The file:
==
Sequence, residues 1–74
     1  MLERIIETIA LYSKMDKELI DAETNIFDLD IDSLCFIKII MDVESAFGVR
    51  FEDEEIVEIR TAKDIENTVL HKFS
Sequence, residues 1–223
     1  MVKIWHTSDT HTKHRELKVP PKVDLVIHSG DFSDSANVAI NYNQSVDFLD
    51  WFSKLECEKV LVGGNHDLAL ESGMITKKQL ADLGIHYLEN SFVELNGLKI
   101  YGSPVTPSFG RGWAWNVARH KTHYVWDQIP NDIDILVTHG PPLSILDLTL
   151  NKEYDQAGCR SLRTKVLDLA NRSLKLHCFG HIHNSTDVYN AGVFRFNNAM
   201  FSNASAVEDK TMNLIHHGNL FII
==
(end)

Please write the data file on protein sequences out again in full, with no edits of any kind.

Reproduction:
Sequence, residues 1–74
     1  MLERIIETIA LYSKMDKELI DAETNIFDLD IDSLCFIKII MDVESAFGVR
    51  FEDEEIVEIR TAKDIENTVL HKFS
Sequence, residues 1–223
     1  MVKIWHTSDT HTKHRELKVP PKVDLVIHSG DFSDSANVAI NYNQSVDFLD
    51  WFSKLECEKV LVGGNHDLAL ESGMITKKQL ADLGIHYLEN SFVELNGLKI
   101  YGSPVTPSFG RGWAWNVARH KTHYVWDQIP NDIDILVTHG PPLSILDLTL
   151  NKEYDQAGCR SLRTKVLDLA NRSLKLHCFG HIHNSTDVYN AGVFRFNNAM
   201  FSNASAVEDK TMNLIHHGNL FII